Mathematics Division Seminar

16 October 2017

Abstract:

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Mathematics Division Seminar

16 October 2017

Abstract:

Cognitive Science has revealed a number of learning and memory

phenomena that have direct, practical implications for learning and teaching.

I will highlight the most promising strategies alongside their original research

findings and will elaborate on ways on how to implement these in large

lectures and small seminars in mathematics. The talk will conclude with an

opportunity discuss the feasibility of implementation and ways to overcome

potential obstacles.

Mathematics Division seminar

Monday 27 February 2017

Abstract:

Deductive reasoning and proof is one of the hallmarks of mathematics, and is an important factor in distinguishing mathematics from empirical sciences. Fluency in calculation, including symbolic manipulation in algebra and calculus, sit alongside deduction, reasoning and problem solving. “Core pure mathematics” is that essential amalgam which is universally studied by all mathematics, science and engineering students. It starts with traditional algebra, trigonometry and calculus, culminating with De Moivre’s theorem and its consequences while stopping short of real analysis. Presentations of core pure mathematics often contain little explicit “proof” beyond formulaic proof by induction, but it is where proof starts for pure mathematicians. Core pure mathematics contains a key activity “reasoning by equivalence”. This is reasoning and is key in many of the deductions at this level, but it is very close to a calculation. Indeed, in many situations it can be treated formally as a calculation. This talk will look at the interplay between calculation and reasoning, with a focus on automatic assessment. To what extent can we automate the assessment of reasoning now, and where are the limits of automatic assessment in the future?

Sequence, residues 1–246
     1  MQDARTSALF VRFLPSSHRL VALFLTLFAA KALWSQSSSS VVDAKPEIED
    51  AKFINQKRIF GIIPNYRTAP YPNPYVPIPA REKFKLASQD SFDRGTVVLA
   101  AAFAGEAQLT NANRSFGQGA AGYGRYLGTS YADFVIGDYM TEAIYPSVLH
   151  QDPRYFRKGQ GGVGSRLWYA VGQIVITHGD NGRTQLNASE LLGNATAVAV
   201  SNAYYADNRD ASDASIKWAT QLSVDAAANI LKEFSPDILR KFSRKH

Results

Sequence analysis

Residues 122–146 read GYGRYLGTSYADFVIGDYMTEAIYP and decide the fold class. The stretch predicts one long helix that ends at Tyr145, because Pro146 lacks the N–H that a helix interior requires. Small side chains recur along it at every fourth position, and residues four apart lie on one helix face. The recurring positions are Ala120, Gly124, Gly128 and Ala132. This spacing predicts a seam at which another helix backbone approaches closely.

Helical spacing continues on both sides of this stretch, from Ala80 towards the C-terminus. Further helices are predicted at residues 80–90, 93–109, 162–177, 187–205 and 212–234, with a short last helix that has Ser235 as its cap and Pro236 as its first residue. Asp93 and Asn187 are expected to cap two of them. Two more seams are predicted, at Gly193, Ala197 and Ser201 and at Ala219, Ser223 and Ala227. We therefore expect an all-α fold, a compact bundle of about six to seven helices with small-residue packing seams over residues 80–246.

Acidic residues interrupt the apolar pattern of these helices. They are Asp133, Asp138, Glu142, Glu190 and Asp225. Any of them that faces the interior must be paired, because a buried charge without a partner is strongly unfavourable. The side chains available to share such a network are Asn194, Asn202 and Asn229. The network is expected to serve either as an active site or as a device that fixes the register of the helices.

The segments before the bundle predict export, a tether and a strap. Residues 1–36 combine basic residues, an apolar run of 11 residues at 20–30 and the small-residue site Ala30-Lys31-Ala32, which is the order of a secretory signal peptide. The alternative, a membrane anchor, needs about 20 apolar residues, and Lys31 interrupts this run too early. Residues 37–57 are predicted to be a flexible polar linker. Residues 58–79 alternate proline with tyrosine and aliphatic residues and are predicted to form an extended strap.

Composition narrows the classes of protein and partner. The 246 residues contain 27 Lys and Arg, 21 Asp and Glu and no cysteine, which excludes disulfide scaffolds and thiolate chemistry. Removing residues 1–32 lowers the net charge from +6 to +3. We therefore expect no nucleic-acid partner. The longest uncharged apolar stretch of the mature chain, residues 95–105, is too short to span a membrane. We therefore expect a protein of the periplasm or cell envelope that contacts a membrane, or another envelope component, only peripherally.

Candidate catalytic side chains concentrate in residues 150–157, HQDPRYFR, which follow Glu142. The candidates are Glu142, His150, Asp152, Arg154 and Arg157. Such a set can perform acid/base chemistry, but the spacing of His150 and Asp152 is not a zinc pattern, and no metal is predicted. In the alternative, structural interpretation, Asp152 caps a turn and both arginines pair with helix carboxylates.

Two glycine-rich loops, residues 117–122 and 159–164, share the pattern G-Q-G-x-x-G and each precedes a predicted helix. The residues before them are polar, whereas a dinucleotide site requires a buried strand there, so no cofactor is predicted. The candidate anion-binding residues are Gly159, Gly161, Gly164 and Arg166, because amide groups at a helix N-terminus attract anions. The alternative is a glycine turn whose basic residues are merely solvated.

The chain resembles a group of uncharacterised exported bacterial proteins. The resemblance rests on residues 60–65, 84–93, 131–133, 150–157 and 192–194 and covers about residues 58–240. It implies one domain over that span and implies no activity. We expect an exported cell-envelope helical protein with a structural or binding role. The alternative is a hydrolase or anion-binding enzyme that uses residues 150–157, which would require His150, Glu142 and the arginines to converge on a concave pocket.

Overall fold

This blog will provide a platform for publication and discussion of the Scholarship of Teaching and Learning (SoTL) activities in the Division of Maths at the University of Dundee.

Hard Sums is in part an acronym: SUMS standing for Scholarship of University Mathematical Studies. (Yes, it’s a stretch!)

My uncle, (who never enjoyed the maths he took at university), once introduced me as his “nephew who does hard sums”. Maybe this blog is about the ‘hard’ part of the title.

John McDermott